The Washington Post says the national volunteer rate had the highest annual jump since 2003 in 2009. 2009? The Dark Year? The Beans and Rice Year? Donations fell, but folks still wanted to do something.
It's a drag that organizations weren't getting as many gifts, but I find this encouraging. These people are the real deal. They're looking for ways to stay connected to the nonprofits and organizations they care about and this makes them the best pool of potential donors you could ask for.
This is why welcome strategies and cultivation plans are so important. And what's heartbreaking is that in too many organizations, the little silo that coordinates volunteers doesn't talk to the little silo that handles development, planned giving or major gifts. Can we stop the madness?
Synchronize your efforts. Integrate your volunteers into your donor lists in ways that make sense, e.g., in ways that make them feel welcomed, important and a vital part of your organization (and not like an ATM machine as ye olde cliche lovingly declares ...).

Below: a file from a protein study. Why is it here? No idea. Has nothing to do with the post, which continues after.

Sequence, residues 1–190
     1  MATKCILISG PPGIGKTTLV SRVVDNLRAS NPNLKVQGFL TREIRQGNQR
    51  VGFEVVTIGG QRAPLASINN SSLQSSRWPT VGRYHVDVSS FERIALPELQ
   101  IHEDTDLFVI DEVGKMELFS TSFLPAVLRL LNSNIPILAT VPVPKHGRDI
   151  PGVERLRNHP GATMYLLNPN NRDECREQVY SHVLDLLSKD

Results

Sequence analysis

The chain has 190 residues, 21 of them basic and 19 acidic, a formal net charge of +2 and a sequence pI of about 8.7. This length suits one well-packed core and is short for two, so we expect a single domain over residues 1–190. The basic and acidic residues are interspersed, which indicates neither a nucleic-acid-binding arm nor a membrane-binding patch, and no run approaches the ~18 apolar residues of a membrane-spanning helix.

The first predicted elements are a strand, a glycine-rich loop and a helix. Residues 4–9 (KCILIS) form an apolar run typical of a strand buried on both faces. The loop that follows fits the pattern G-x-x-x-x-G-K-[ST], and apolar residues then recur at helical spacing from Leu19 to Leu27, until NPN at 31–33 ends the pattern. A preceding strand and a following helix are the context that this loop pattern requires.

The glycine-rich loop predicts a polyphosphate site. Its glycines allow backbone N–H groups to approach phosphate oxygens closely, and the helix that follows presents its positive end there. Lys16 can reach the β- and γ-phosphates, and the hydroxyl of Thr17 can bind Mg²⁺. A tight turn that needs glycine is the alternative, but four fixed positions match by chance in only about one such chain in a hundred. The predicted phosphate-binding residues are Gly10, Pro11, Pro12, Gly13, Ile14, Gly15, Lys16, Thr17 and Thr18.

Let them know about other ways to get involved. Share special programs with them or ask for their opinion on something. We've seen great results when a well thought out welcome strategy is put in place and an organization really follows through.
That same article projects that giving will experience a jump this year, too. Ending on a positive note and all ...